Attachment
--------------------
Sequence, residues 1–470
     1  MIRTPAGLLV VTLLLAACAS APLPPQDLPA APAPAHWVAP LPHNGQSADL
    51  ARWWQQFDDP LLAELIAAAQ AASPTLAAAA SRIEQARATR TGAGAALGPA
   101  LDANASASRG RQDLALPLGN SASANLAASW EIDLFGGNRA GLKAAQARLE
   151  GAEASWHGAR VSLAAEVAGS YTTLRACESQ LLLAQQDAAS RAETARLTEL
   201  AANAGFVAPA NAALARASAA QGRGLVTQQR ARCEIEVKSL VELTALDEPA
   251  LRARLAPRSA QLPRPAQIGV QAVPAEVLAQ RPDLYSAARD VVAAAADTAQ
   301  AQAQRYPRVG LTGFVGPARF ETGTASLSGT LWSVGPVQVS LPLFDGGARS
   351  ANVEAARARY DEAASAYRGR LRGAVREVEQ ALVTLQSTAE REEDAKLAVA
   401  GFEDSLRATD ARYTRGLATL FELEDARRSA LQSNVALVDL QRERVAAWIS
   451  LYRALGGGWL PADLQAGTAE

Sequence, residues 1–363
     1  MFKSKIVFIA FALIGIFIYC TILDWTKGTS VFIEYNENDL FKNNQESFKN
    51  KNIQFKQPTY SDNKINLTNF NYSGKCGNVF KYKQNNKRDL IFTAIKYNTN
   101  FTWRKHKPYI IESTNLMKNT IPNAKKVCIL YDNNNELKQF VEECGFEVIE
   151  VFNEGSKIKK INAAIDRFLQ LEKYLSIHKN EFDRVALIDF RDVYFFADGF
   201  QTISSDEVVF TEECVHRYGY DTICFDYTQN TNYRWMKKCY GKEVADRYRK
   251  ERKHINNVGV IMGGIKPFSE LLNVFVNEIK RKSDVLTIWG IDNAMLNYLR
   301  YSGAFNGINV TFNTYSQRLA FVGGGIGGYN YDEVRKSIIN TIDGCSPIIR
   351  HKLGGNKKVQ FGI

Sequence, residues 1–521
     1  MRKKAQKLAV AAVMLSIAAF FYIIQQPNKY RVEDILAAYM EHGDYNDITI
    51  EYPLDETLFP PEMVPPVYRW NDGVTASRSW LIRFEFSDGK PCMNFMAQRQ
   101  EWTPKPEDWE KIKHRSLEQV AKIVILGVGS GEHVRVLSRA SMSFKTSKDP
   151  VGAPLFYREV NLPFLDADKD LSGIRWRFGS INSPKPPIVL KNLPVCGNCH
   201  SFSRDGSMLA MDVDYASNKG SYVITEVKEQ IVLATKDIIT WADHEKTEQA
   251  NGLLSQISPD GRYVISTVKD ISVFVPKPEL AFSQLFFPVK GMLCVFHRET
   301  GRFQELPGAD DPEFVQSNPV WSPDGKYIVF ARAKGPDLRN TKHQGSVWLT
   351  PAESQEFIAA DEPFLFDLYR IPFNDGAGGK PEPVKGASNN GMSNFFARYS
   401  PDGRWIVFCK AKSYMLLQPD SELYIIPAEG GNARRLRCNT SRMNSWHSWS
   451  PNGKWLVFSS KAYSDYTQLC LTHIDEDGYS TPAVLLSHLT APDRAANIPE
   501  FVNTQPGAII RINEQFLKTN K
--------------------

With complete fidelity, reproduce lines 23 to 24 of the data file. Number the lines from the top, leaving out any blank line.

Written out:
    51  EYPLDETLFP PEMVPPVYRW NDGVTASRSW LIRFEFSDGK PCMNFMAQRQ
   101  EWTPKPEDWE KIKHRSLEQV AKIVILGVGS GEHVRVLSRA SMSFKTSKDP